Apple in talks to acquire NFC Sunday Ticket streaming rights. NFL Sunday Ticket is an out-of-market sports package that broadcasts and streams National Football League (NFL) regular season games unavailable on local affiliates. It carries all regional Sunday afternoon games produced by Fox and CBS.
The package is currently distributed in America exclusively by AT&T Inc. under its DirecTV unit.
Apple has expressed interest in the streaming rights for a package of National Football League games the NFL is now auctioning, said people familiar with the situation, a possible sign the tech giant is looking to beef up the audience for its Apple TV+ streaming service.
The iPhone maker is one of a number of companies, including TV networks and other tech firms, that have had discussions with NFL executives lately about the package of games, including at this week’s Allen & Co. conference in Sun Valley for tech and media executives. The rights cover a package known as Sunday Ticket, which now airs on DirecTV. They are separate from a slew of licensing deals recently completed between the NFL, most major broadcast TV networks and Amazon. ESPN’s parent Disney is among those likely to be interested in Sunday Ticket.
DirecTV pays somewhere around $1.5 billion to broadcast the Sunday Ticket games, but its deal with the NFL expires in 2022, paving the way for other networks to bid on the package.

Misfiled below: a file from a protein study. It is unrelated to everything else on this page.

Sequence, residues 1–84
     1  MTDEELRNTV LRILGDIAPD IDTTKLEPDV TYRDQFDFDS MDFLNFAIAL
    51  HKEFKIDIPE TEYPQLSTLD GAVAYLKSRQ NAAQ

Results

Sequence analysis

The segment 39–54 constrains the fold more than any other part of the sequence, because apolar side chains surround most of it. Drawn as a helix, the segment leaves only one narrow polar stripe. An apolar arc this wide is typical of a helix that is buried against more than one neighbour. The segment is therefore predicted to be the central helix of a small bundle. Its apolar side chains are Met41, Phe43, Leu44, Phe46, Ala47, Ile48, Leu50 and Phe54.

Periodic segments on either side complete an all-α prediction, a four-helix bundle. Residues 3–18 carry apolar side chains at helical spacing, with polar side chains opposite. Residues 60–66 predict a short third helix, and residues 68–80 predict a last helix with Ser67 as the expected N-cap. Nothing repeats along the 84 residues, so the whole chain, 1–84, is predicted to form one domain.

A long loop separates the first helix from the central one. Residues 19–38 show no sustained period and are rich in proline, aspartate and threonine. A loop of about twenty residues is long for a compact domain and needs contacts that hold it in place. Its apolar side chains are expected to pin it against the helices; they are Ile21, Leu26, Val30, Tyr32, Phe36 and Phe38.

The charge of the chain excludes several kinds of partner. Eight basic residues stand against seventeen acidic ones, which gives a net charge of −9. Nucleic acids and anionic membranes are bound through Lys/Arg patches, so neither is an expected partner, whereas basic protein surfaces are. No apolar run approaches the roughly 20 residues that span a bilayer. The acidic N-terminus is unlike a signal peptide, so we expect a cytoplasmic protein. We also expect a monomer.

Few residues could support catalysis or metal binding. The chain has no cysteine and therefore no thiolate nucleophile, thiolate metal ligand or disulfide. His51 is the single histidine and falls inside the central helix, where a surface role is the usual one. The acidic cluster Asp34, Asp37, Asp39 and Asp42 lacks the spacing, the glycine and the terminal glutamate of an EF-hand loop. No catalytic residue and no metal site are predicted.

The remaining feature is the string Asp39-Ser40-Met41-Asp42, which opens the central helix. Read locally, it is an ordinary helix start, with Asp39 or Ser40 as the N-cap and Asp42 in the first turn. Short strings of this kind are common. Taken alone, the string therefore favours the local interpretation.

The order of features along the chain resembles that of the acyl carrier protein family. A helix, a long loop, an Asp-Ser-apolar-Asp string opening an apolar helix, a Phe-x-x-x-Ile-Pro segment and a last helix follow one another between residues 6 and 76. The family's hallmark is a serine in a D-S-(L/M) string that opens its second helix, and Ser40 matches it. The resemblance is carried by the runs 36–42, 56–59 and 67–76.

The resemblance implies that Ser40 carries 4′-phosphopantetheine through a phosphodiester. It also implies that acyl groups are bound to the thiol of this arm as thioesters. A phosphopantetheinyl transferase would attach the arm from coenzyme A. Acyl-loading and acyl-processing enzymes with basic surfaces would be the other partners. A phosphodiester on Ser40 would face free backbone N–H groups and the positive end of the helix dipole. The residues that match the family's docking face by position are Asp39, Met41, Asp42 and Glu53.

ESPN parent company Disney is said to be interested in acquiring the rights for the ESPN streaming service, and according to The Information, Apple is not seen as a serious contender for the rights because it has been reluctant to invest money in entertainment programming.
MacDailyNews Take: Apple, which already has more money than they know what to do with should shell out for some live sports on Apple TV+! It’d be a genius idea, if we don’t say so ourselves:
Perhaps Cook should consider bidding for and winning NFL Sunday Ticket away from Direct TV, buying rights to Premiere League and La Liga games, etc. and making them Apple TV exclusives. Go directly to the sports leagues with boatloads of cash. — MacDailyNews, May 6, 2014